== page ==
As the market heats up, if one does end up in a dispute, there will be a premium to have it resolved quickly; for as anyone who has been down this road knows, construction disputes eat up valuable time and resources that should be devoted to generating construction progress and money. Arbitration is less formal than, quicker than, and generally less costly than litigation in the Courts. Therefore consider adding language such as this to your lower tier contracts:

Any dispute between Contractor and Subcontractor or claim related to, or arising out of, this Subcontract, including the making thereof, shall be resolved exclusively through final and binding arbitration in accordance with the Construction Industry Arbitration Rules of the American Arbitration Association. Any arbitration shall be brought in [county, state before a retired judge or an individual with no less than ten (10) years experience in the construction industry.

Owner Contracts

In the public construction setting, negotiating is generally prohibited in design, bid, build procurement processes. Even in the private sector, the contractor has little ability to negotiate terms with an Owner and that ability always appears to be inversely proportional to the size of the project. Nevertheless, one should try to eliminate as many of the “Murder Clauses” as one can and in so doing one will become educated on where the land mines are in the contract. Provisions such as the following should be rejected:

Indemnity for liability caused by the Owner

Clauses that convert a wrongful termination by Owner into a termination for convenience

No damages for delay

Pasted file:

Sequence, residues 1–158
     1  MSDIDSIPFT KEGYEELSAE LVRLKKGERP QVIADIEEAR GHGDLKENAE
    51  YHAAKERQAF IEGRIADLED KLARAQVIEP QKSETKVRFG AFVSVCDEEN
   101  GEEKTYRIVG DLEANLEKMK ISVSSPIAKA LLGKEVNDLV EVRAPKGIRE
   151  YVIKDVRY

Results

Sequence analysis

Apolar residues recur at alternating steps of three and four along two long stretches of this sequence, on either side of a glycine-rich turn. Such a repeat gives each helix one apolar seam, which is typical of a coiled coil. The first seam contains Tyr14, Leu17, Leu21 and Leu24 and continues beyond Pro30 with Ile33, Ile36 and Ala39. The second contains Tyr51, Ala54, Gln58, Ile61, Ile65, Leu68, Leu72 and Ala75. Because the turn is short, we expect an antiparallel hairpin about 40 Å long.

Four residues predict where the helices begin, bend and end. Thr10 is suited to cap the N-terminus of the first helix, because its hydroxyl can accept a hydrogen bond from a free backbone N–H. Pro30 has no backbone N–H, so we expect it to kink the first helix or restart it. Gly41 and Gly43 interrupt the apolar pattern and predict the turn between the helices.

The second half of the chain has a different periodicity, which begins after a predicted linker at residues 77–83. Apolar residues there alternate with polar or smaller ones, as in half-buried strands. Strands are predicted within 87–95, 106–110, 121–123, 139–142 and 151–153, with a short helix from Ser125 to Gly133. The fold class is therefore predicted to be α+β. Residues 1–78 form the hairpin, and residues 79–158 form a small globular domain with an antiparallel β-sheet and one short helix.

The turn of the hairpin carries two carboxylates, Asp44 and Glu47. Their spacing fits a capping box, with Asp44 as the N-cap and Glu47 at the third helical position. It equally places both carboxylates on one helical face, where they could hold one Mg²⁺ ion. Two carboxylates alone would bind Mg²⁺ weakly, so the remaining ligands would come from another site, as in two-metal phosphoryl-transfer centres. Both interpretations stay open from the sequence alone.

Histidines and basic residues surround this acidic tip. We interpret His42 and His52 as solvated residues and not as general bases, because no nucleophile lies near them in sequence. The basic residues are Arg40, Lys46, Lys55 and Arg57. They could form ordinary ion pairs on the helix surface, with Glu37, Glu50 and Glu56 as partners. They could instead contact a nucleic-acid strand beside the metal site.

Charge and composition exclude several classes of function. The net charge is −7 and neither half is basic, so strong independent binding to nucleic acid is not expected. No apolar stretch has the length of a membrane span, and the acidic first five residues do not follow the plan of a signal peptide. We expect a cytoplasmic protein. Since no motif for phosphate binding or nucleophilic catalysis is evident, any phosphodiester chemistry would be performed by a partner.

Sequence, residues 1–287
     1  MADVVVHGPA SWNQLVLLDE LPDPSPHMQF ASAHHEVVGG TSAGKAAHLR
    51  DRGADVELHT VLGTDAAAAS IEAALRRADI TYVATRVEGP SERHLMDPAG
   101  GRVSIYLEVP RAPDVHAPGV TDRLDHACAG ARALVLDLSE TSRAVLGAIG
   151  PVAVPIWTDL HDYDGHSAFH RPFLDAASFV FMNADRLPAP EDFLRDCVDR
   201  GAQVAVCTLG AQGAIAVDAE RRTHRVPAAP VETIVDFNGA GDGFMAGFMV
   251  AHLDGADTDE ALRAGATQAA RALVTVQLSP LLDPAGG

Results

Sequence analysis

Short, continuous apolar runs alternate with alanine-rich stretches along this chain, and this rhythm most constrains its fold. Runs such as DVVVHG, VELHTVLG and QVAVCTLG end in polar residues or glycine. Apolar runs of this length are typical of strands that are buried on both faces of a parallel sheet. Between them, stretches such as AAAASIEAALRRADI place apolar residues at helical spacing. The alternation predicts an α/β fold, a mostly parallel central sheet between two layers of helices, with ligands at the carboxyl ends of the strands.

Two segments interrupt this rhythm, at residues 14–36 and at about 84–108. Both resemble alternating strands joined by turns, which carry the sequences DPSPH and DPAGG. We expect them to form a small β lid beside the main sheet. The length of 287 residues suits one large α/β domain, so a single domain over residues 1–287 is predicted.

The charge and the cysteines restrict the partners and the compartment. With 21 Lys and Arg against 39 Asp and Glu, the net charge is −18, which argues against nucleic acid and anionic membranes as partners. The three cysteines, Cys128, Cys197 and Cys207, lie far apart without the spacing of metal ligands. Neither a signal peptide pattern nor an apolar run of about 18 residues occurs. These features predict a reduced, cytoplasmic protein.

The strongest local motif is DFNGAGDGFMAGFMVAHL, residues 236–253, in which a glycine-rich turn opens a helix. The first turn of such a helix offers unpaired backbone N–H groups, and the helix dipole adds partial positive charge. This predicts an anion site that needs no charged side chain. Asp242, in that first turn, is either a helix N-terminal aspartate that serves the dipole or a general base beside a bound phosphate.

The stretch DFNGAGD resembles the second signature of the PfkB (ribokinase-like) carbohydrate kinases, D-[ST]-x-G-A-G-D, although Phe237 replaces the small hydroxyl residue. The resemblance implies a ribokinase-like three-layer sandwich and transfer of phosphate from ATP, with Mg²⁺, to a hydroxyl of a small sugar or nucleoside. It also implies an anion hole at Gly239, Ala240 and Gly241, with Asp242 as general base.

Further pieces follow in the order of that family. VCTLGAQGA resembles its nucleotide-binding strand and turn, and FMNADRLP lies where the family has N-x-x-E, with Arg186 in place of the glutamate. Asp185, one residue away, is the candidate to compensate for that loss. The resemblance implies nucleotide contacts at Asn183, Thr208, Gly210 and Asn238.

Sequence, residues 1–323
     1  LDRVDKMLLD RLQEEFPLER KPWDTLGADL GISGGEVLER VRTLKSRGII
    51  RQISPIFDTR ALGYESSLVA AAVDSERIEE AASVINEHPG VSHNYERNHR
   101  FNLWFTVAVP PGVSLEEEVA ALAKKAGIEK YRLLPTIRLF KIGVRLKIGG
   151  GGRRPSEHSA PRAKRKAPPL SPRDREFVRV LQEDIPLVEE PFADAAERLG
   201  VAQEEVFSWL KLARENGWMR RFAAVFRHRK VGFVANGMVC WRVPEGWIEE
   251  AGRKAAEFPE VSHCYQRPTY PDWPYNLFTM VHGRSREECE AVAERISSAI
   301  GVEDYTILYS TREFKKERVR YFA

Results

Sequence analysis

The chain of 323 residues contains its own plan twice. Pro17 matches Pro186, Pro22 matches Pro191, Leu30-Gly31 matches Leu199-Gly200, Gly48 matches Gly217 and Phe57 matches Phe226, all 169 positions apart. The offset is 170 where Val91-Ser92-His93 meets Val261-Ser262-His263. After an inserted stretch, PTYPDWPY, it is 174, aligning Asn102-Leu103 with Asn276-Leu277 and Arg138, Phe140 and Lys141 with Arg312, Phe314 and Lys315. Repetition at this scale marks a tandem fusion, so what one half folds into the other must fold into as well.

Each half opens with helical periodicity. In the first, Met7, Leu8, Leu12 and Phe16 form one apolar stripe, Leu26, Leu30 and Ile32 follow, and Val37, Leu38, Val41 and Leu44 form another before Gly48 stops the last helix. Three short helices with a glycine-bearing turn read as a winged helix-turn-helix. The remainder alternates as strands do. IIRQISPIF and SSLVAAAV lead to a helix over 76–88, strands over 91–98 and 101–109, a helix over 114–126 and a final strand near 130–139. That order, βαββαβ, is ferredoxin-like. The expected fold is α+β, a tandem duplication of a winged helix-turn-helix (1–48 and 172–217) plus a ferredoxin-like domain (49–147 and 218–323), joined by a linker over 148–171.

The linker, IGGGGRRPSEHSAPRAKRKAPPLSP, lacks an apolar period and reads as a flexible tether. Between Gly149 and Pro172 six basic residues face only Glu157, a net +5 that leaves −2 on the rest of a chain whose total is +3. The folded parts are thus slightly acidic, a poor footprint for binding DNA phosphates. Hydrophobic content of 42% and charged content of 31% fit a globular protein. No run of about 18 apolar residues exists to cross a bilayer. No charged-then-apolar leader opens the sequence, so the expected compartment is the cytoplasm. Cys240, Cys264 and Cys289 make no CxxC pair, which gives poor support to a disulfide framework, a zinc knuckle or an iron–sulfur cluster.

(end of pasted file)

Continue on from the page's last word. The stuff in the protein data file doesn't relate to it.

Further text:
Strict and short notice of claim clauses

Provisions that allow the Owner not to pay if there is any unresolved dispute on the project

Exculpatory clauses that limit the financial consequences of Owner causes problems.


Contractors must be ready for the anticipated construction boom. Preparation is the key to “good luck” on construction projects. Now is the time to have your contracts, purchase orders, and subcontracts reviewed and cleaned up. Even if you cannot get what you want, you may get what you need if you start at the right negotiating point with a good form contract. A good construction lawyer will attempt to shift the contractual risks to the party that controls the conduct that might give rise to the risk. Make the party who causes the problem pay for the problem. One can buy insurance for some of these risks and in that way quantify them by an insurance premium. Be an educated and informed contractor, know what you are signing up for and reject that knee jerk tendency to take what you are offered based solely on the number of digits to the left of the decimal point in the contract.March 30, 2015

I recently attended the 70th